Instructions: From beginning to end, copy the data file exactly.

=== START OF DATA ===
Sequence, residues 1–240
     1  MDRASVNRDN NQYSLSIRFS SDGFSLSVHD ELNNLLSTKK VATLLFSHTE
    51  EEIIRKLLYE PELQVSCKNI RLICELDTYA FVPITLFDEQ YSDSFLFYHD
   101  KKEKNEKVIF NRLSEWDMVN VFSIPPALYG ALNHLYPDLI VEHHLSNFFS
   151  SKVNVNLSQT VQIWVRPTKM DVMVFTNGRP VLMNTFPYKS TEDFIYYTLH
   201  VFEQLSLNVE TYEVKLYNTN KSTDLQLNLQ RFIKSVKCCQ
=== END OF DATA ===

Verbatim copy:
Sequence, residues 1–240
     1  MDRASVNRDN NQYSLSIRFS SDGFSLSVHD ELNNLLSTKK VATLLFSHTE
    51  EEIIRKLLYE PELQVSCKNI RLICELDTYA FVPITLFDEQ YSDSFLFYHD
   101  KKEKNEKVIF NRLSEWDMVN VFSIPPALYG ALNHLYPDLI VEHHLSNFFS
   151  SKVNVNLSQT VQIWVRPTKM DVMVFTNGRP VLMNTFPYKS TEDFIYYTLH
   201  VFEQLSLNVE TYEVKLYNTN KSTDLQLNLQ RFIKSVKCCQ